Altounian started, "First of all, when I talk of going public, I am not talking in the traditional sense of an IPO like the average public understands." Rather, he's got a small group of individual investors providing backing. This will actually be a second round of financing since he bought the company in July of last year. The first round -- which he didn't elaborate on, but sounded to me more like some type of loan process -- raised $1,000,000 with which "every publisher was paid entirely and I even added an interest payment on top of it as a good-faith gesture to apologize for the delays in payment." He also used some of those funds to bring back much of the original technology team out of Houston. To my understanding, Wowio is now debt-free.

This second round of financing will be coming from "an interested and mobilized investor base that loves this kind of opportunity." These investors will be contributing to Wowio's moving to become more self-sustaining. "All funds raised now will go to building operations and growing revenue-generating activities - no debt as that has all been taken care of." Altounian expects this second round of financing to be complete within the next 45 days. Although, undoubtedly, getting the company to where he's projecting will take longer; the money being raised here will be used as operating capital.

Altounian will retain a majority interest in Wowio. "Between Alliance and my personal holdings, I control over 60% of the company and will look to maintain that control until we get to some exit strategy that could include an acquisition offer somewhere down the road." He remains open to new ideas and opportunities going forward and also noted, "Then again, if opportunities exist for us to use our stock as currency, we may look to do acquisitions of our own if it helps our business model."

He concluded by saying, "Being a public company affords an early-stage company many "luxuries" of a larger organization, including having stock as a currency to pay for services, acquisitions and other needs. It also lets my employees participate in a real stock option plan that has true value - they get to be part owners as well and have an incentive to yield extraordinary results for the organization. Answering to the SEC and FINRA requires the company to comply with some of the strictest business standards and practices in the land, which gives additional comfort to investors who get to see the transparency in their portfolio investment companies. I consider it a win-win-win proposition, especially if executed properly. I've done it a number of times with great success and I anticipate doing the same with WOWIO."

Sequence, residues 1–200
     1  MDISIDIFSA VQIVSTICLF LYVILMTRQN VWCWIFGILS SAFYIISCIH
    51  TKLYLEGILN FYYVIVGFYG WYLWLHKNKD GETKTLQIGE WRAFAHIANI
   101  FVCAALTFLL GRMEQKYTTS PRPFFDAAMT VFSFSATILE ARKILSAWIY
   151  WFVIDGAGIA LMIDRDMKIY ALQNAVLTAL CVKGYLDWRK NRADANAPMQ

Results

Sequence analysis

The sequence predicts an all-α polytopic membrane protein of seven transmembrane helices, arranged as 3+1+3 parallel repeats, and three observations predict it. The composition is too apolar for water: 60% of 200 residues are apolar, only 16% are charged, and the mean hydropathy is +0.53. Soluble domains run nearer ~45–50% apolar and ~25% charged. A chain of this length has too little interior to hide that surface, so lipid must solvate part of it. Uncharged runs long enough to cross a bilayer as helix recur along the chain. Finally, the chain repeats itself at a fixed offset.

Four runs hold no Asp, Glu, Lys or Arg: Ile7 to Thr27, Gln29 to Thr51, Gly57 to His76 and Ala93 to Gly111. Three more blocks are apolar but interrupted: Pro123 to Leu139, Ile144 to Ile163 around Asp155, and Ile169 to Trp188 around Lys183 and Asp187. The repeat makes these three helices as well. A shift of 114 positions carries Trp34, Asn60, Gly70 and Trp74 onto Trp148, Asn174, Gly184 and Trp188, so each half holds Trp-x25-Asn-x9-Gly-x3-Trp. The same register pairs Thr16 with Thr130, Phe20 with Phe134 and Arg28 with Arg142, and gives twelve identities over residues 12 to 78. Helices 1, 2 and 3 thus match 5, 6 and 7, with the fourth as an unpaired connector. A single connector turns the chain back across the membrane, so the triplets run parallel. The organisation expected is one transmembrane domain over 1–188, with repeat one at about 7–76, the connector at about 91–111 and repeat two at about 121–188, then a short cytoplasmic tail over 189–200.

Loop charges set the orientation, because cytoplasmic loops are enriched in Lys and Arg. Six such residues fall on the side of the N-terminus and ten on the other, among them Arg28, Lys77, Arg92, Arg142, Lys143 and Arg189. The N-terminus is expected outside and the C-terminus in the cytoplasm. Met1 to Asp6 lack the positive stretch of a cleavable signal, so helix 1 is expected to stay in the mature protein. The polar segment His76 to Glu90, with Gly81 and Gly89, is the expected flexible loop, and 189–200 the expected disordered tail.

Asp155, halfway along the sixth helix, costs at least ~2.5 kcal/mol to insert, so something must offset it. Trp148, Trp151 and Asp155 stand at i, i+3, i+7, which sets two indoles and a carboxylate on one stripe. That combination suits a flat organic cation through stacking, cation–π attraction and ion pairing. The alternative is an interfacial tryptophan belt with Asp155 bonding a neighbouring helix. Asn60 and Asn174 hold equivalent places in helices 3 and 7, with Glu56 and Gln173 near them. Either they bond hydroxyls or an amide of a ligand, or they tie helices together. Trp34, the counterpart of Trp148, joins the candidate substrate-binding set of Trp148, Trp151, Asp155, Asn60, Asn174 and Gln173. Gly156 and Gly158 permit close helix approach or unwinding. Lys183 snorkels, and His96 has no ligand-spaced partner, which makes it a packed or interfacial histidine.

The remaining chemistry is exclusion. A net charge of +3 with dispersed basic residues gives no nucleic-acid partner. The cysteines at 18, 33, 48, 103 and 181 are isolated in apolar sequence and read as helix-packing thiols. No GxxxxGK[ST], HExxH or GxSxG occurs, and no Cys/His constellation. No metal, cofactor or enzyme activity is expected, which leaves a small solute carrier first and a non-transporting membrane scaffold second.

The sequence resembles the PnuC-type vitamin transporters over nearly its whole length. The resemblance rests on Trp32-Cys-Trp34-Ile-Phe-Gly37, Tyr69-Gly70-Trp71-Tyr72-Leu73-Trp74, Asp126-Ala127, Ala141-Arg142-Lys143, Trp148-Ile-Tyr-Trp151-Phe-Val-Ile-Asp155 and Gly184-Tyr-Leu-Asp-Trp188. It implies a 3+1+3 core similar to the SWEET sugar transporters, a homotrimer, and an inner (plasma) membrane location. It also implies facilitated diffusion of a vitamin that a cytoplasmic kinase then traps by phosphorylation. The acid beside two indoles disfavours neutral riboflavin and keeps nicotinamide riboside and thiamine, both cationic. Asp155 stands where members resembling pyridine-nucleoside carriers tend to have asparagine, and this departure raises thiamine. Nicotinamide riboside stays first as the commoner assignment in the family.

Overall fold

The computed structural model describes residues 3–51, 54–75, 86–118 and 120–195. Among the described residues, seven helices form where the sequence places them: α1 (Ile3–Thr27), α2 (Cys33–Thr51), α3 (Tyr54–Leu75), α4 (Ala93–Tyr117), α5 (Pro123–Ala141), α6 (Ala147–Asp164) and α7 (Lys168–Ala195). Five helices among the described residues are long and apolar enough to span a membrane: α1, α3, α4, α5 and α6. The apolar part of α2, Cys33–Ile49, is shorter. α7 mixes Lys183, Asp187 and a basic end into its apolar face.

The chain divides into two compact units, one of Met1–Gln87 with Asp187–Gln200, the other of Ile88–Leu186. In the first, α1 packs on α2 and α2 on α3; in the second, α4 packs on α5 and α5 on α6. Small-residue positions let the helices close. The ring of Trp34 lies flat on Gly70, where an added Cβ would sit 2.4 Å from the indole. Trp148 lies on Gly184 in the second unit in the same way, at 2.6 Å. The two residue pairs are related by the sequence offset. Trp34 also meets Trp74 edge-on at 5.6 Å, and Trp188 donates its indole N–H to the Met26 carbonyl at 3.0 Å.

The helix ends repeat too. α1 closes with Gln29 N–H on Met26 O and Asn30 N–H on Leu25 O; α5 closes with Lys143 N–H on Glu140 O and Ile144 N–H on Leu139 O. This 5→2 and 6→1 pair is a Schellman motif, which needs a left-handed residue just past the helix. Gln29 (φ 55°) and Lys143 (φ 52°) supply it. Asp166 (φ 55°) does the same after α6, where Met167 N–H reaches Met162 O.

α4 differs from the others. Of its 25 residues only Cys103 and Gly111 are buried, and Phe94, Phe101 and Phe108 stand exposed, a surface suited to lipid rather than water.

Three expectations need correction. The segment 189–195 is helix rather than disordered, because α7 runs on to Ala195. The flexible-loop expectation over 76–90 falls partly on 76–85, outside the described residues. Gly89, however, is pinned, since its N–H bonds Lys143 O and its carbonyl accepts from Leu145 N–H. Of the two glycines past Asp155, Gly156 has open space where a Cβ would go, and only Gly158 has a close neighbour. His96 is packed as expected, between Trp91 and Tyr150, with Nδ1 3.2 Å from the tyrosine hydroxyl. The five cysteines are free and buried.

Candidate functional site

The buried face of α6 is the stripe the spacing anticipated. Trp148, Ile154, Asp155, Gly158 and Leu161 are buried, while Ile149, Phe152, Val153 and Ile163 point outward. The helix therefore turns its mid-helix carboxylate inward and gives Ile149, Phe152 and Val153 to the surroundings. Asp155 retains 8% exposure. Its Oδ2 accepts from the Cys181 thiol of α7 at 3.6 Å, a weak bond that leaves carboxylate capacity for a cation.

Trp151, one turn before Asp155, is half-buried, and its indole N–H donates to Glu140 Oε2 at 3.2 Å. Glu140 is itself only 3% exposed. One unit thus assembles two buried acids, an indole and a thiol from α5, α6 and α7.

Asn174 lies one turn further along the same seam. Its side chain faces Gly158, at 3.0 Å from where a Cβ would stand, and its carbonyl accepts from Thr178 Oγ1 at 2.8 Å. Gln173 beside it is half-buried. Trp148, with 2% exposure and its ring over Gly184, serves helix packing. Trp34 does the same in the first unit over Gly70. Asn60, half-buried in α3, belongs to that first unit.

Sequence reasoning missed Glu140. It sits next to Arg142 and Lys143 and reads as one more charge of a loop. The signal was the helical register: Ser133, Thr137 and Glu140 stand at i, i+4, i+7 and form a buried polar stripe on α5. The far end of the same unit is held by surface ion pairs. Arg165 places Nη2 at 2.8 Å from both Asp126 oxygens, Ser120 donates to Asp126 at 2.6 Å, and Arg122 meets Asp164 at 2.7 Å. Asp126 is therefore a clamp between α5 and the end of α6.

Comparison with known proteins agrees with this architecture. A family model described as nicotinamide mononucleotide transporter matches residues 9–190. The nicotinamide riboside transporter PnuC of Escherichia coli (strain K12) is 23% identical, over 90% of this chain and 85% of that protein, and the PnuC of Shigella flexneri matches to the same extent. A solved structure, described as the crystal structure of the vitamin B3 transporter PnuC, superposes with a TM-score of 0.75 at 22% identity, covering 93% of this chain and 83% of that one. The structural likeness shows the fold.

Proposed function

Monday, February 22, 2010

Wowio Going Public?

Offered without commentary:

Brian Altounian, owner of Wowio, has relayed the following via his Twitter account over the past week or so...
When things go from the ridiculous to the sublime, where do they go after that? I have a situation that has arrived at that location.
Feb. 16

Launching MoneyTV campaign for WOWIO today. Part of larger marketing campaign that will put WOWIO on the map just in time to go public.
Feb. 18

Back-to-back-to-back meetings all day today. I get so energized around smart business folks who just want to get good work done!!
Feb. 19

At early dinner to plan out one phase of new investment strategy
Feb. 21

Obviously, I don't know that these are necessarily all connected. Altounian has also tweeted recently about Platinum Studios,, volleyball and his house. But the Feb. 18 post seems pretty succinct and complete, saying that he'll be taking the company public soon.

As far as I can discern, that Tweet has been the only the public mention of Wowio going public. Altounian's blog and Wowio's site make no mention of it, and Alliance Acquisitions -- Altounian's holding company that is the technical owner of Wowio -- unsurprisingly does not have a news feed. I'm currently trying to confirm the news with Altounian himself.

Sunday, February 21, 2010

Minor Link-Blogging

There's a few things I wanted to bring folks' attention to, but not a whole lot I can add as commentary...

In answering reader questions, Tom Brevoort calls upon Marvel Sales VP, David Gabriel, to answer what exactly Marvel provides to retailers. Not being a retailer myself, I was actually quite surprised to see just how long the list is! Worth a read-through to see how Marvel helps promote its books to retailers. (Although some of the last few items are a bit on the overly gratuitous side.)

On his own blog, Colin Panetta talks about the development process for the cover to Comic Book Fanthropology. He also says some nice things about me.

Nominations for the 2009 Comics Buyer's Guide's annual Fan Awards are now open. My buddy Dave says, "This year David Gallaher (writer), Steve Ellis (penciller, inker, colorist, cover artist), Scott O. Brown (letterer), Kwanza Johnson (editor) and our comics High Moon, Box 13, and Hulk: Winter Guard are eligible for the prestigious CBG awards." Oddly, he didn't include any suggestions for WHAT he was hoping people would nominate!

It's Kleefeld On Comics' 4th Blogiversary!

Huzzah to me! I've been babbling about comics at this very location since February 21, 2006. Since that time, I've probably said something interesting. To someone. Maybe.

I don't have anything significant or noteworthy to add, but it seems like I should make note of the date here.

Saturday, February 20, 2010

DIY Lawmaster Suggestions

Question out to anyone who's into this sort of thing...

In my action figure collection, I have the Legendary Heroes Judge Dredd figure. (See pic.) He's out of the packaging and played with and whatnot, but since I don't have a full compliment of accompanying 2000 A.D. figures that can go with him, I thought it might be cool if he at least had a Lawmaster bike.

My question, then, is: has anyone build a 1/12 scale Lawmaster and how did they go about it?